ST. LOUIS (AP) – An audit launched in the wake of unrest following the fatal police shooting of Michael Brown in Ferguson found the city’s court system “in disarray” and disorganized, according to a report released Wednesday by the Missouri state auditor.
State Auditor Nicole Galloway was in St. Louis to release details of the audit, which gave Ferguson courts a “poor” rating the lowest available rating. The performance was so bad, Galloway said, that her office will conduct a follow-up review later this year.
Among the problems cited: Files stored in an unsecured storage garage and damaged by water and mold; uncooperative and “at times combative” court and city personnel that caused delays in access to files; and $26,000 in illegal fees charged to residents.
“Considering the lack of cooperation my staff experienced in their official roles as representatives of my office, I can only imagine how average citizens are treated when they are trying to get information about their cases or resolution on serious issues,” Galloway said in a statement.
In the city’s official response, Ferguson officials said they disagreed with many of the findings in the audit, which mostly covered the fiscal year ending June 30, 2015. The city noted several court reforms were implemented soon after the shooting, but argues its files were never disorganized.
“The municipal division is currently maintaining both manual case files and electronic case files in an accurate, complete, and organized manner and did so during the audit period,” the response states.
Brown, who was black, was 18 and unarmed when he was fatally shot by white Ferguson officer Darren Wilson on Aug. 9, 2014, following a confrontation in a neighborhood street. Wilson was eventually cleared of wrongdoing and resigned in November 2014.
But the shooting resulted in sometimes violent protests and scrutiny of the St. Louis suburb’s police and court system. A review by the U.S. Department of Justice found biased treatment of blacks by Ferguson’s police and accused the municipal court of making money on the backs of poor and minority residents. Last year, the city settled a lawsuit with the Justice Department that requires additional reforms under supervision of a monitor team.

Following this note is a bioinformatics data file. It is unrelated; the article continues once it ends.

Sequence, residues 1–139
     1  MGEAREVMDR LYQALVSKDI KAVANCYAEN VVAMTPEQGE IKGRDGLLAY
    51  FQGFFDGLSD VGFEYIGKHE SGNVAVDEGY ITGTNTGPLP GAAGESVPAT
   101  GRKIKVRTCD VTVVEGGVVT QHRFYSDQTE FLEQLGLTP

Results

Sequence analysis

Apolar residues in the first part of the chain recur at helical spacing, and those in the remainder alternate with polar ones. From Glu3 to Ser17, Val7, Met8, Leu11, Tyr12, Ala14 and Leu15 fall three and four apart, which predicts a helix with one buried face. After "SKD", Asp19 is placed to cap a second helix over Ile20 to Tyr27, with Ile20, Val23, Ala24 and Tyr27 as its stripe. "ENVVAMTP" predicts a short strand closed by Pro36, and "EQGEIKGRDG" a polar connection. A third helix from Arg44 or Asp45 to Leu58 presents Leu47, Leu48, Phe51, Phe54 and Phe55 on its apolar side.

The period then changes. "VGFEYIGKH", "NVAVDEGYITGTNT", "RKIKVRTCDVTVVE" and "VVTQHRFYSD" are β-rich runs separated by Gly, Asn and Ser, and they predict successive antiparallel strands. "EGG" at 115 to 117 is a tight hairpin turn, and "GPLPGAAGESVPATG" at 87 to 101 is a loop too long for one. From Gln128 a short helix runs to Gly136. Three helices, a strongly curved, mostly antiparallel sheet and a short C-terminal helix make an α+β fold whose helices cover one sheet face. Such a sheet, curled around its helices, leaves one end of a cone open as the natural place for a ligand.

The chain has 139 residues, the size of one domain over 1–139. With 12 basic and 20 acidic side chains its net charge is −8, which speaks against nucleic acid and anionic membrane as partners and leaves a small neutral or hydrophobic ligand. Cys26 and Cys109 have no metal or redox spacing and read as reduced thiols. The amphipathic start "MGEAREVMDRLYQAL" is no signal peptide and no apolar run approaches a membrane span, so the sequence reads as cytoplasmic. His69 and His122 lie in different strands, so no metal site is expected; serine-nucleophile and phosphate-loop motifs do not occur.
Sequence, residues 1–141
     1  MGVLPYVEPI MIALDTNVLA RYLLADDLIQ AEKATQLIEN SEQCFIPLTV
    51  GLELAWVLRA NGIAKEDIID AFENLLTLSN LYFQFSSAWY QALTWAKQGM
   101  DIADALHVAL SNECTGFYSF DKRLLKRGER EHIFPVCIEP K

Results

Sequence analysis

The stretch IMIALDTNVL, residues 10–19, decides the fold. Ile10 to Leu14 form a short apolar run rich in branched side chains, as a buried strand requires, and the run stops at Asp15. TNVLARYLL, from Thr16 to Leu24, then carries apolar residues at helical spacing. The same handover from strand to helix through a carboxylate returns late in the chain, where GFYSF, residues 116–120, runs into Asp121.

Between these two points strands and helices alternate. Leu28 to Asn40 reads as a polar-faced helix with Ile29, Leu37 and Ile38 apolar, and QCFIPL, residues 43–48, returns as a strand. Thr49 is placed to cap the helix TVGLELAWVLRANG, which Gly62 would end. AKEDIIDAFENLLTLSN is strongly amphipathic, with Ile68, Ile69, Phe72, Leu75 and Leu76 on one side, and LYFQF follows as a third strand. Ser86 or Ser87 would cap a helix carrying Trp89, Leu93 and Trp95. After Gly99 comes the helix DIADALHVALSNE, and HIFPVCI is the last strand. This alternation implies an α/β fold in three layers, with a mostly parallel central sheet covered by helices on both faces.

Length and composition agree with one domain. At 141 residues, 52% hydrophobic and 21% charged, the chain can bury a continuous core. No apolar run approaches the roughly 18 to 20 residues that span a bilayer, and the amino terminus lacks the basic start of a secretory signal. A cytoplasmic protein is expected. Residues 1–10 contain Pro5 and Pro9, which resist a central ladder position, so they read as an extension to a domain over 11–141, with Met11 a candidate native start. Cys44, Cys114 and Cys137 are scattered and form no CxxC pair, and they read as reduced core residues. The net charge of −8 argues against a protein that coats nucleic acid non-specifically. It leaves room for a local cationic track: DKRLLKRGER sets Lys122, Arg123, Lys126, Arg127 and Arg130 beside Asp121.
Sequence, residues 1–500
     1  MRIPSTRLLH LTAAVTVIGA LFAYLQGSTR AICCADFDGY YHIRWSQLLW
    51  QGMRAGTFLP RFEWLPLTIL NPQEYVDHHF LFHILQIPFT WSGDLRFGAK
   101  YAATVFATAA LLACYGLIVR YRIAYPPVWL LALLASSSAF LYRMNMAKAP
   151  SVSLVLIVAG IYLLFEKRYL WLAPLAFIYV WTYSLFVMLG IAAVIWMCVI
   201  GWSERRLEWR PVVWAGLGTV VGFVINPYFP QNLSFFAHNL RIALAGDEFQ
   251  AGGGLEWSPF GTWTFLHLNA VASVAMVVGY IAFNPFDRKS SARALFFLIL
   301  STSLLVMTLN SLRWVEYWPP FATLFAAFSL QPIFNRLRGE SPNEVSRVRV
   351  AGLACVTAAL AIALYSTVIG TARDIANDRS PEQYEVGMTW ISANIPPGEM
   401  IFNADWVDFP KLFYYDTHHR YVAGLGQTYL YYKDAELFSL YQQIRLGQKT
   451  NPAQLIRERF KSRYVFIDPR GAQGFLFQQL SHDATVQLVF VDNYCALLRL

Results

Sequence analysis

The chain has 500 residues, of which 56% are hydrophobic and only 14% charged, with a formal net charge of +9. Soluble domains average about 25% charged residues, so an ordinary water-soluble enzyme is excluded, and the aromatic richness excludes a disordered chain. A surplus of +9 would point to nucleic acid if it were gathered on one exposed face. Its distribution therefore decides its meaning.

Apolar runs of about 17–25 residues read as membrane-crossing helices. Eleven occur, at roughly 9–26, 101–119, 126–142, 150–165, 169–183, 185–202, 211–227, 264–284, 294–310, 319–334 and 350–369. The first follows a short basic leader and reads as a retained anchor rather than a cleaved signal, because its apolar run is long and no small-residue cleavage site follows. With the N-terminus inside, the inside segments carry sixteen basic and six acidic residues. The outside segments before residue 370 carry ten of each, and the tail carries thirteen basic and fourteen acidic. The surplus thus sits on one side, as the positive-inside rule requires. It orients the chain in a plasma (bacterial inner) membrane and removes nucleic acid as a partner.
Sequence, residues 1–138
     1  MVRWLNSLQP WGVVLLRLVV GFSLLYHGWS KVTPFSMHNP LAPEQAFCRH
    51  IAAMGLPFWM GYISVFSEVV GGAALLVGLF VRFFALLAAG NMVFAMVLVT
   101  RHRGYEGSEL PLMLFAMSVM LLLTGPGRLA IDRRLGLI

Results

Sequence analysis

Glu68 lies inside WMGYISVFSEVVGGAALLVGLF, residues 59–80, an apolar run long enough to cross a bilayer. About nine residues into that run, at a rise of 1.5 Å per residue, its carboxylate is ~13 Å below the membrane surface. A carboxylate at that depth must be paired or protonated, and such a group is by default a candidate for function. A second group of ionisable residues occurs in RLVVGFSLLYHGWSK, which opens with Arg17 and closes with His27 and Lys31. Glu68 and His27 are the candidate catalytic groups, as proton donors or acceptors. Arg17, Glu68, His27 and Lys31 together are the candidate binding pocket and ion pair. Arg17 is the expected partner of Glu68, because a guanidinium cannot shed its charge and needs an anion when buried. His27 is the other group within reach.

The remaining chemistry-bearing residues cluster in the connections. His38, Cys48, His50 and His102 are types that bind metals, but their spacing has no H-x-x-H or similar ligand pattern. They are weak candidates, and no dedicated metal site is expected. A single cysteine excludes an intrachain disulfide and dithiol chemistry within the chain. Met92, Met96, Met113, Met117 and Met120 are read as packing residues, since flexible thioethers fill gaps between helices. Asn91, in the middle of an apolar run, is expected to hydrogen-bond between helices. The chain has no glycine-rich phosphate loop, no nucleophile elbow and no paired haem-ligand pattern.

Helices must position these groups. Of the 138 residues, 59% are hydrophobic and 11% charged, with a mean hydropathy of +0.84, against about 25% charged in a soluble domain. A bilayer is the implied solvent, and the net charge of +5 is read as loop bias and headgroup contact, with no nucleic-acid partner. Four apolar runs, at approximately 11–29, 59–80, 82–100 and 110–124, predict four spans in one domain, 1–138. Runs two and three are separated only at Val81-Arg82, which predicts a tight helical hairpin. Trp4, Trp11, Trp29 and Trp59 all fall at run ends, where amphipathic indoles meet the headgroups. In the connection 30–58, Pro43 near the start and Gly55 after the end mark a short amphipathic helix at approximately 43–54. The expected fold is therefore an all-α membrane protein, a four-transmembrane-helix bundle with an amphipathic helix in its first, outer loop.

Galloway said her office’s audit also found that court records were kept in several places: A storage garage, the police and courts building, and City Hall. Galloway said there was no process to track the location of records, and they were not stored in secure areas, even though some of the information included personal information of those in court, including social security and driver’s license numbers.
Auditors were often told by city personnel that files could not be accessed or that they were too damaged from water and mold to read, Galloway said. In fact, she said, her office took what she called an unprecedented step of hiring a mold remediation company to recover and preserve the records.
Ferguson said in its response that the mold was the result a roof leak during a period of heavy rain in 2014.
Some records were never recovered, Galloway said, presumably because they were lost or misplaced. Enough records were uncovered to show that at least $1,400 in cash was missing, “but the careless way these records were kept may prevent us from ever knowing the total amount,” she said.
Galloway said the electronic case management system did not include safeguards to “prevent inappropriate adjustments or to ensure only authorized staff could access court records.”
The audit also found that over the course of one year, $26,000 in illegal fees were paid to the court for costs such as a $15 “letter fee” and a $50 “warrant recall fee.” The court also charged a $75 “non-prosecution fee” for those who made an initial report but eventually declined to seek charges.
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